In the backyard camping scene, families discover a 14-foot diameter dome in which they can get up-close-and-personal with a giant 5-foot diameter, fully tactile and topographically accurate model of the Moon. Next to this dome is a large-screen running time lapse of a day in the life of the sky, complete with rising Sun, rising Moon and stars and planets transiting across the sky. A nearby campfire (complete with subtle campfire smells) rests between two tents in which visitors hear (and see) the stories of scientists, researchers, artists and parents who are inspired by the sky above them in their work, their art and their lives. The backyard introduces visitors to facts such as the Moon is a 3-dimensional body with geographical features much like Earth's; the Moon rotates in just such a way that we only ever see one side of it; the far side of the moon is not "dark" - it is just always facing away from us; the patterns of stars in the sky stay the same, though they appear to move across the sky; the apparent movement of stars is the result of the Earth rotating; the Moon is sometimes visible during the day; you can see some planets with the naked eye; and the stars do not disappear during the day.
"The My Sky exhibition is so important because astronomy is an ideal vehicle for parents and children to experience wonder and curiosity together," said Mary Dussault, Science Education Program Manager at Harvard-Smithsonian Center for Astrophysics. "It's been our great pleasure working with the team from Boston Children's Museum. The project combined the Museum's expertise in childhood development and the creation of experiential learning environments with the resources of SAO's scientists and science educators. It's exciting to see the results of this partnership brought to life in the My Sky exhibition!"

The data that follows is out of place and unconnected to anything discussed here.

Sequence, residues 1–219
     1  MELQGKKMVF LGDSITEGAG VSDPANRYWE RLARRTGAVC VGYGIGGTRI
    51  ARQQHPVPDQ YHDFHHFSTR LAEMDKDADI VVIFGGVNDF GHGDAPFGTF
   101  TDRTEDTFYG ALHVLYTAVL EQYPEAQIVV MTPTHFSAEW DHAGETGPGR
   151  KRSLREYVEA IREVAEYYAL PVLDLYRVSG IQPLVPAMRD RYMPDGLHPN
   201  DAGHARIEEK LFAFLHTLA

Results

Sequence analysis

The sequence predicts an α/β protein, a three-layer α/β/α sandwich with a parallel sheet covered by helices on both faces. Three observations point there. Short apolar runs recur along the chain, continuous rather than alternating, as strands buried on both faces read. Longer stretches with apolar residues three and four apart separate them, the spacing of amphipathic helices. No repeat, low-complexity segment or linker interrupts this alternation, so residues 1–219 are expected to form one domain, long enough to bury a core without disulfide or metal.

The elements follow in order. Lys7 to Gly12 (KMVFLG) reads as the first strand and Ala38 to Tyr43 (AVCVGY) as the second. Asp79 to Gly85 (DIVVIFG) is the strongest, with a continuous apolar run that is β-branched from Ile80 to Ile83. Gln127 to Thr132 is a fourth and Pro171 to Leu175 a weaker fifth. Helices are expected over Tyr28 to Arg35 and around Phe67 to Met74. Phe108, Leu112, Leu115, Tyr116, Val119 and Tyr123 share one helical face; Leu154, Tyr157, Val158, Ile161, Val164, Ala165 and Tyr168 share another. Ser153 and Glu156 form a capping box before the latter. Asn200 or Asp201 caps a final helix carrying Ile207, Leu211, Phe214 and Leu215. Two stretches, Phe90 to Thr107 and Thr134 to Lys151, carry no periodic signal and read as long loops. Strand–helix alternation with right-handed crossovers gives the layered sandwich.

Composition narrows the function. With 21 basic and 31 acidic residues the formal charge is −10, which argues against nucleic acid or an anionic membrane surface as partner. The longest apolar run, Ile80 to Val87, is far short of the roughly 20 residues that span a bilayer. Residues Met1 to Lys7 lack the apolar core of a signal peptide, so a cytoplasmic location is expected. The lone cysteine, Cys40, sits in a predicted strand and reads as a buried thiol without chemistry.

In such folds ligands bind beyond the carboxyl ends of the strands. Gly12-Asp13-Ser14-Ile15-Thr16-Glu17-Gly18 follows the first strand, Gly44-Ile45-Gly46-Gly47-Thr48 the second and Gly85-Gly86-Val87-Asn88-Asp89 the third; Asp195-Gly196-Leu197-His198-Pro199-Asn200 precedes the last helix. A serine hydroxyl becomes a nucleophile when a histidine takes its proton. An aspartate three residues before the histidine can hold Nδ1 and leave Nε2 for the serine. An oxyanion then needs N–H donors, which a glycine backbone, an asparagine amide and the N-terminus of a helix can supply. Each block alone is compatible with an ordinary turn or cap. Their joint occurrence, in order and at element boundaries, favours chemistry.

There are four important messages in the My Sky exhibit:
- Looking up together is a practice that families can adopt into their everyday lives.
- The sky is a free learning resource available to all of us, all of the time.
- The sky is ever-changing – this constant flux provides an opportunity for parents to help kids observe, notice patterns, and make predictions.
- By practicing these skills of observing, predicting and recognizing patterns, parents are helping their child to develop as a scientific thinker and a doer of science.
Boston Children's Museum extends special thanks to CBS Boston's WBZ-TV and myTV38 (WSBK-TV) and the Fort Point Channel Operations Board grant supporting a series of family-friendly programs inspiring families with activities related to astronomy.*
My Sky will be at Boston Children's Museum through January 4, 2015 followed by two installations at other New England children's museums. For additional information, visit www.MySkyExhibit.org.